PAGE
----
Spain 8 - 0 Liechtenstein
In a dominant second half performance, Spain swept aside Liechtenstein in a goal bonanza, extending their impressive undefeated World Cup Qualifying streak to a scarcely believable record.
It’s been a *very* long time since Spain last lost a World Cup qualifier… pic.twitter.com/XvPtKxpbfq— Bleacher Report UK (@br_uk) September 5, 2016
It all began rather slowly, with Spain roughly lining up in a 4-3-3/4-2-3-1, which quickly morphed into a weird 2-1-5-1/2-6-1/3-6-1 formation.
Spain’s ultra-attacking set-up was aided by Liechtenstein’s willingness to sit into a low block and commit few men forward, thus posing no real threat to Spain’s incredibly high defensive line. The timid counter-attacking structure that developed from this was squashed by Spain’s organized and ruthless counterpress, making the game a one-sided affair for the full ninety minutes.
Such dominance allowed Lopetegui to use both Sergio Ramos and Gerard Pique as auxiliary central defensive midfielders, as both players (especially the former) stepped up into the final reaches of the middle third and controlled the initial possession phase.
With both Jordi Alba and Sergi Roberto pushing up as makeshift wingers, Sergio Busquets often dropped in between Ramos and Pique when the ball was near Lichtenstein’s box to provide his side with a necessary dose of defensive stability. But such was Spain’s dominance in possession, that he often found time to push up and spray piercing balls all across the pitch.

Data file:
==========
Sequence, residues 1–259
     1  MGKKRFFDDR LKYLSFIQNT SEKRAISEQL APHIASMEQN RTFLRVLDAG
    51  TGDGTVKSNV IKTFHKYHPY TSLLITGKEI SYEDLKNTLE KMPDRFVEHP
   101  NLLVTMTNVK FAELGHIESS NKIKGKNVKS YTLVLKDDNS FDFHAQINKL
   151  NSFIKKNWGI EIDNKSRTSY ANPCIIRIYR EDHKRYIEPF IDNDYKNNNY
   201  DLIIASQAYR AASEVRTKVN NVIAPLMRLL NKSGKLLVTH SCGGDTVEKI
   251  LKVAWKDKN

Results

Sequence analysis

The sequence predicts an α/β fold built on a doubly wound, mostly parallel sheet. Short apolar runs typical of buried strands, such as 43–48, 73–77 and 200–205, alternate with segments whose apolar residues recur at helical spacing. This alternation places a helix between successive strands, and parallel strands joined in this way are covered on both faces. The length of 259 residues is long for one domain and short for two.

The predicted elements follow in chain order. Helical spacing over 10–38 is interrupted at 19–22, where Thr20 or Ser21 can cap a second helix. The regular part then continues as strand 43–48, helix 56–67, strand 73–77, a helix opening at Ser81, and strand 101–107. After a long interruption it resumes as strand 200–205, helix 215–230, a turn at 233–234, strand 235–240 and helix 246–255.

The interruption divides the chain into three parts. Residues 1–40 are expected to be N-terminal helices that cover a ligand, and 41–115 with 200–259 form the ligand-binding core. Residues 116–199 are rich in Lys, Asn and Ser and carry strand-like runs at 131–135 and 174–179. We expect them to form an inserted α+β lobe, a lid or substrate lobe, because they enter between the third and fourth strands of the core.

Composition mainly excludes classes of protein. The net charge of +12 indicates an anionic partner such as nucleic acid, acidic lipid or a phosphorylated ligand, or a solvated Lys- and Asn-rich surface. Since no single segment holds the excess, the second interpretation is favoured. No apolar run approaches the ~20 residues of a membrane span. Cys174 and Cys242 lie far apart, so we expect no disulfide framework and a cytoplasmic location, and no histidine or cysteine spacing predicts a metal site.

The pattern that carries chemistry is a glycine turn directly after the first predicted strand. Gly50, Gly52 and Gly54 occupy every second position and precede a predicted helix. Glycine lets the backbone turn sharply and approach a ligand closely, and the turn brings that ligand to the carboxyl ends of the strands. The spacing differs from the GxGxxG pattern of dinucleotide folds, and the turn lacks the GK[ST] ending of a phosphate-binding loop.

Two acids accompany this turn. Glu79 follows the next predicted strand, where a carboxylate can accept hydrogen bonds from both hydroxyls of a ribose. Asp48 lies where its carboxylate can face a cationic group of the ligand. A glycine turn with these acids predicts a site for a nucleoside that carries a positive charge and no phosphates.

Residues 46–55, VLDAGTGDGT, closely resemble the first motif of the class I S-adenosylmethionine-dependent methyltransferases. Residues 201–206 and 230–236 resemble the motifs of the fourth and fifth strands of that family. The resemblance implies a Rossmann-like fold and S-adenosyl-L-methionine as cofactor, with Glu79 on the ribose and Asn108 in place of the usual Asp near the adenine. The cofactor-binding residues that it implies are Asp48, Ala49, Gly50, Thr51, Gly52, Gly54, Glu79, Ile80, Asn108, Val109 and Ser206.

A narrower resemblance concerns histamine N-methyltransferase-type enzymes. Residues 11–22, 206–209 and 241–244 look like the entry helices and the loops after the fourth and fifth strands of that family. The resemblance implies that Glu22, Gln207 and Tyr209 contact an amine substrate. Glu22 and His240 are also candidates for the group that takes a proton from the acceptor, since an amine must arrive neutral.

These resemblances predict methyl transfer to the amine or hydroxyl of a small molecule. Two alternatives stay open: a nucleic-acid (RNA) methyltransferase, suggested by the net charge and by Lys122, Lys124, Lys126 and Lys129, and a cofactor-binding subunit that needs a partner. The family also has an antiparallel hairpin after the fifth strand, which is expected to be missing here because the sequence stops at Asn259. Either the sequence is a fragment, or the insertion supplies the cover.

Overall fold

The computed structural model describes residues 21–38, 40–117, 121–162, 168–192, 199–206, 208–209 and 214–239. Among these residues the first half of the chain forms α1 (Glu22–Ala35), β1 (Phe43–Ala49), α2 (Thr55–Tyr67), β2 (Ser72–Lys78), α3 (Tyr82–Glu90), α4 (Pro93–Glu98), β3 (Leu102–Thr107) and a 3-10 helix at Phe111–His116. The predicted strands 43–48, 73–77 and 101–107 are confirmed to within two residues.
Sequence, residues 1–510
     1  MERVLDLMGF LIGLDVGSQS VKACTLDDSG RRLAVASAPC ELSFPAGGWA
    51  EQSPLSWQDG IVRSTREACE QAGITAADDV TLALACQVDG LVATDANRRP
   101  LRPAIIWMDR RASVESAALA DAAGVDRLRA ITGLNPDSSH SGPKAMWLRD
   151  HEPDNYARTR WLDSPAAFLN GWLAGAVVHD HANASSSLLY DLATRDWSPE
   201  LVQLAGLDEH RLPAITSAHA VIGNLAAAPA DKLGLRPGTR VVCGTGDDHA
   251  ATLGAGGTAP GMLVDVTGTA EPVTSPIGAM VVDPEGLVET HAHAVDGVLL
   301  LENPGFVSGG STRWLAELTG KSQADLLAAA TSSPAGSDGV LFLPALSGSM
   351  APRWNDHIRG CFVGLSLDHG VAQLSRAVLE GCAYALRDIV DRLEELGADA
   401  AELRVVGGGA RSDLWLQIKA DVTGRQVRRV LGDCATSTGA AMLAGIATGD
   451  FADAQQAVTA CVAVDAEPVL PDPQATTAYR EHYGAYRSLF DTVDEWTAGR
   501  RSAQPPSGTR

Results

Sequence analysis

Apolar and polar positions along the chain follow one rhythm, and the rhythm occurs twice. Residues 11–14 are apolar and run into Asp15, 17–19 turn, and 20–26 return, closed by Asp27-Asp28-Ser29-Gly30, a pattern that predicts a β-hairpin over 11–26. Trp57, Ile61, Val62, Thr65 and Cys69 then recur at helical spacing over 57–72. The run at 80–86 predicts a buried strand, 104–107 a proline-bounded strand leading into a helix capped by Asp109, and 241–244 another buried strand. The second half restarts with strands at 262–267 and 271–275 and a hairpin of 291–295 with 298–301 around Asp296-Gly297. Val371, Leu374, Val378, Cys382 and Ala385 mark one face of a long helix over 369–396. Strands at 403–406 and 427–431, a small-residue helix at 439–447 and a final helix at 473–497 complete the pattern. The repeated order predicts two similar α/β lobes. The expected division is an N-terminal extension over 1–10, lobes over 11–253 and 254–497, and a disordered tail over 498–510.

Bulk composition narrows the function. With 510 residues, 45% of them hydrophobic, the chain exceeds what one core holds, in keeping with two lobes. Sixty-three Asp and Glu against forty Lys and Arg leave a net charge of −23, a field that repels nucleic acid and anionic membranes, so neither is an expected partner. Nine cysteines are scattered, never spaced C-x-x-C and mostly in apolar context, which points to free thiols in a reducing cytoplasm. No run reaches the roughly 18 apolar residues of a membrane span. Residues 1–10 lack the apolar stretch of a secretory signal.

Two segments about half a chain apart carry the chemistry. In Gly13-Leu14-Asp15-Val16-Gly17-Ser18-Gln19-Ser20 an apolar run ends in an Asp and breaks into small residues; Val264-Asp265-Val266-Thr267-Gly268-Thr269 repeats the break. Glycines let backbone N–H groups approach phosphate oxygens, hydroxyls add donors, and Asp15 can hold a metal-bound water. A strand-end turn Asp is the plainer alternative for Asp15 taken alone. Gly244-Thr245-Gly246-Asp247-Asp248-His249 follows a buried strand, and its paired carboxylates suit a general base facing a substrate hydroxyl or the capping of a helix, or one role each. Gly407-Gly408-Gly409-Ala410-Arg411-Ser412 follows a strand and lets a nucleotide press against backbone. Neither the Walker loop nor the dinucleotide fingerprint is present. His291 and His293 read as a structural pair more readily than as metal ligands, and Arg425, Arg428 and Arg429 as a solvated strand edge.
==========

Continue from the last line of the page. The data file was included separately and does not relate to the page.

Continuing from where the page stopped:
But despite all of this dominance, Lopetegui’s side lacked any real edge in attack. Far too often the final ball was lacking and Spain often looked bereft of invention.
Still, Spain’s quality was too good to be ignored, as they got a goal virtue of a smart set-piece from Koke, which led to a glancing header from Diego Costa in the 10th minute.
The result stood at 1-0 till the half, where Lopetegui smartly analyzed his side’s flaws and made the necessary adjustments; bringing on Nolito for Thiago and changing his side’s formation to a more aggressive 3-3-3-1 (Sergio Roberto shifted into midfield).
The results were immediate in the second period of play, as Nolito won the ball back only yards in front of Liechtenstein’s box, before nutmegging a defender to brilliantly assist Sergi Roberto in the 55th minute.
With the floodgates opened, Spain proceeded to bag three more goals, courtesy of David Silva, Vitolo, and Diego Costa, before Alvaro Morata came on in the 70th minute.
Marco Asensio soon followed nine minutes later, before playing an impressive hand in Alvaro Morata’s slick goal (a fake shot and a finish inside the near post with his left foot) by connecting brilliantly with his teammates to advance Spain up the pitch.
Six goals to the good and all but home, Spain could have been forgiven for taking their foot off the pedal. Instead, they kept pushing, as Morata banged in another goal off the goalkeeper’s hands in the 86th minute, before David Silva finally scored the last strike of the evening with a low drive into the net in injury time.
All in all, it was an impressive showing from all of the players involved, but it was an expected victory against a very weak team. Draw too many conclusions from this match at your own peril.
Wales 4 - 0 Moldova
Gareth Bale and Wales enjoyed a straightforward start to their 2018 World Cup qualifying group with a 4-0 victory over Moldova in Cardiff on Monday.
Bale continued his impressive recent form, setting up Sam Vokes for the opener, before rounding off the victory with Wales’ third and fourth goals.
It was a quiet start to the game, but in the closing stages of the first half, Wales put themselves in a commanding position.